The Shwethalyaung Buddha is one of the largest reclining Buddha images in Burma. It is housed in the Shwethalyaung Paya in Bago, an important pilgrimage site for Buddhists who come here to pay homage to the Buddha.
The image measuring 55 meters long and 16 meters high depicts the Buddha just before death and entering into Nirvana. A similar reclining Buddha, the Chauk Htat Gyi Buddha which is another 10 meters longer can be found in nearby Yangon.
In front of the Shwethalyaung pagoda is another very large reclining Buddha, the Mya Thar Lyaung, a more recent image out in the open, not sheltered by a temple structure.
Large hall with murals leading to the Shwethalyaung Buddha
Entrance to the tazaung housing the Buddha is through a large hall with white pillars. Its walls contain murals depicting several Buddhist stories. At the end of the hall, a stairway leads to the pavilion sheltering the Shwethalyaung Buddha image. On the balustrades is a mythological Naga snake, an animal believed to protect Buddhism, since it was a snake that protected the Buddha under its hood against heavy rainfall during meditation.
The 55 meter long image
The reclining Buddha image is housed in an iron pavilion called tazaung with Italian marble on the floor. On the walls are murals depicting scenes from the Jataka tales, the stories that tell about the previous lives of the Buddha.
On a large pedestal rests a white image of the Buddha with a serene smile wearing a gilded robe, the head resting on a “pillow” of caskets inlaid with mosaics. The soles of the feet are decorated with images representing the 108 lakshanas or auspicious characteristics of the Buddha. Around the Buddha are several guardian Nats, spirits that have been worshipped in Burma for many centuries.
History of the Shwethalyaung Buddha
The Shwethalyaung Buddha image was built in 994 by the Mon King Mingadeipka. After the image had fallen into disrepair, it was renovated by King Dhammazedi in the 15th century. After the destruction of Bago that came with the Mon revolt against the Burmese in 1757 the image was forgotten and was overgrown by jungle.
It was rediscovered by chance in the colonial era when the British built a railway between Yangon and Bago in 1881. During clearing works the Buddha image was discovered under a mound grown over with thick jungle vegetation. The image was restored and an iron pavilion (tazaung) was built over the image to protect it from the elements. Over the following decades several other buildings were added to the temple complex.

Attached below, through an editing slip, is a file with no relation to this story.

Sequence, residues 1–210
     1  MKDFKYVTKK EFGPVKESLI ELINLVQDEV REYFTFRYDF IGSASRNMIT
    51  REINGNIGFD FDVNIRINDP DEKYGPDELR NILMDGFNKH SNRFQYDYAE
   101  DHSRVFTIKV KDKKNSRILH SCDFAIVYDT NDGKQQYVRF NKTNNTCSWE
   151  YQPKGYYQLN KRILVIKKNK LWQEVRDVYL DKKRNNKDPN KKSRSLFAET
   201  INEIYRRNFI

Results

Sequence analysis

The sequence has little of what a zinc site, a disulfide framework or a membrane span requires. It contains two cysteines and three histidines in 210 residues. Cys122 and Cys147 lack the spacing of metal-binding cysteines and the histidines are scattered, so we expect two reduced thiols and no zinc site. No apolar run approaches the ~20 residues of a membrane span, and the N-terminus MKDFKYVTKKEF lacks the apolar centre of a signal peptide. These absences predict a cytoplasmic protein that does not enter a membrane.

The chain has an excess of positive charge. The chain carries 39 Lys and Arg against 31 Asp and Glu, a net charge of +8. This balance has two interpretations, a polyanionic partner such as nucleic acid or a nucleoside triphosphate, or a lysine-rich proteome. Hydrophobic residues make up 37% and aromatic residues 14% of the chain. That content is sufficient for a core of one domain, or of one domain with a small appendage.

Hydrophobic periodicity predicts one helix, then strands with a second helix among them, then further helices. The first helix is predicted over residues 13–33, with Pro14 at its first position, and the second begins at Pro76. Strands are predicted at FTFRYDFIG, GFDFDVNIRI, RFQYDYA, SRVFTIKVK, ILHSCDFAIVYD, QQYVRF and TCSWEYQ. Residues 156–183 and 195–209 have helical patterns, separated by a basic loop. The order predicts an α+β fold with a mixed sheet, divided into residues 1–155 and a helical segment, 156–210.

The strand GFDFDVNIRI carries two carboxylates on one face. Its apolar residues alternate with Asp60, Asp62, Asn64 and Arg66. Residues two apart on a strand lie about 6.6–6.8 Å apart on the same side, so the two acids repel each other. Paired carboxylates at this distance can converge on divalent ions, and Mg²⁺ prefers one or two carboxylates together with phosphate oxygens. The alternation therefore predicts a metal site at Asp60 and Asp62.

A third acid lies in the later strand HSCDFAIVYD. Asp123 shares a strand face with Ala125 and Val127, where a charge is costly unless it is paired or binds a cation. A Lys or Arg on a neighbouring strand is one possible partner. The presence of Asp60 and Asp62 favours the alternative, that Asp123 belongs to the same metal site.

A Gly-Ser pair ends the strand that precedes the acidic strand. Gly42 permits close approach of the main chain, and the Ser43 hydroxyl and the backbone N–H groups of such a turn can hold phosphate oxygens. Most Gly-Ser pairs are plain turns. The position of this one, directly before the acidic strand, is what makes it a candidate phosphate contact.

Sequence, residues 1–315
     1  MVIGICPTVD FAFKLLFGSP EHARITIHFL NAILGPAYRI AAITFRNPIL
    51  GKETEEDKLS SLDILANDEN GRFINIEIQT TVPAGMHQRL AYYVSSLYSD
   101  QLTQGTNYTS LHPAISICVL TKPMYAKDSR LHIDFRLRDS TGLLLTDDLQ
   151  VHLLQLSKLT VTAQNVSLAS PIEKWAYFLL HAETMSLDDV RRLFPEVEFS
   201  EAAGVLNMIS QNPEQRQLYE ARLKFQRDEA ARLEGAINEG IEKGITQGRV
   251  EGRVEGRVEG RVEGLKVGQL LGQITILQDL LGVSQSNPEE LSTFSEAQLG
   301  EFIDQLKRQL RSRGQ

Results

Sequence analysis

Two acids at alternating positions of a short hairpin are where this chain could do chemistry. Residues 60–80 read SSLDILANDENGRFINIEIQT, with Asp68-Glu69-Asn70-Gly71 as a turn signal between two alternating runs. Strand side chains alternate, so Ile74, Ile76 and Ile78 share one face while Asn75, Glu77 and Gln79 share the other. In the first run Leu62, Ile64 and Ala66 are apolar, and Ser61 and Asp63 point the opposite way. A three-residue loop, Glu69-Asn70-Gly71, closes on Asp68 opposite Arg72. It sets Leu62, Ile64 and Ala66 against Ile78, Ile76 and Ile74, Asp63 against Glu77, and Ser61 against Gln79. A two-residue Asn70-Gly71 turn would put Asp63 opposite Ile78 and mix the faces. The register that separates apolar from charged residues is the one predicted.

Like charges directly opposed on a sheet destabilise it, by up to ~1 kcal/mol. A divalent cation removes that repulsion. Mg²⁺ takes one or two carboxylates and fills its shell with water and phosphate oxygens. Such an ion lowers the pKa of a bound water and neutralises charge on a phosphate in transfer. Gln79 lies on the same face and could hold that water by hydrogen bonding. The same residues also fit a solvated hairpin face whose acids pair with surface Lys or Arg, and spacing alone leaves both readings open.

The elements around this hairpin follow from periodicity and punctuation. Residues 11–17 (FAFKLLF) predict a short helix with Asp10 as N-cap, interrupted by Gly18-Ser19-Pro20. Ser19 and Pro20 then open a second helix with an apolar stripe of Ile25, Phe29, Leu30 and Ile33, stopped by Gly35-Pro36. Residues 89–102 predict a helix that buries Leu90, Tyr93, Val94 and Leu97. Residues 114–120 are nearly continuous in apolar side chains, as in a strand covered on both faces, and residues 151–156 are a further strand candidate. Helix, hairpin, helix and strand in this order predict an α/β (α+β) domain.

Murals depicting the story of the Shwethalyaung Buddha
On the back of the pedestal where the image is resting on is a series of large mural paintings that tell the story of the origin of the image.
One day a Prince, the son of King Mingadeipka, ventured into a forest. In a small nearby village the Prince meets a Mon woman, who is a follower of the Buddha. The Prince marries the woman and takes her back to the King’s palace.
Once in the palace, the Mon woman does not bow the the heathen statues of the King, but to an image of the Buddha instead. Angered by this, the King orders the woman to be killed as a sacrifice to his Gods.
In front of the heathen statue worshipped by the King, the woman prays to the three jewels of Buddhism, namely the Buddha, the Buddhist teachings and the Buddhist community. Right this moment, the heathen statue of the King breaks into pieces. The King, stricken with fear, realizes he has been worshipping the wrong God and orders a large statue of the Buddha to be erected.
How to get to Shwethalyaung Buddha
The Shwethalyaung pagoda is found West of the main road connecting Bago with Yangon (National Highway NH1), about 1 kilometer from the Bago railway station. To get there from the downtown area, hire a private taxi from hotel or travel agent. A ride by trishaw should cost around 1,000 Kyat.
Entrance fee & opening hours
The pagoda complex opens daily from 6 am until 9 pm. Visitors to Bago who wish to see a number of historical sites in town can buy a Bago archeological zone ticket at US$ 10. The ticket is valid for the Shwethalyaung pagoda as well as most other historical sites in town.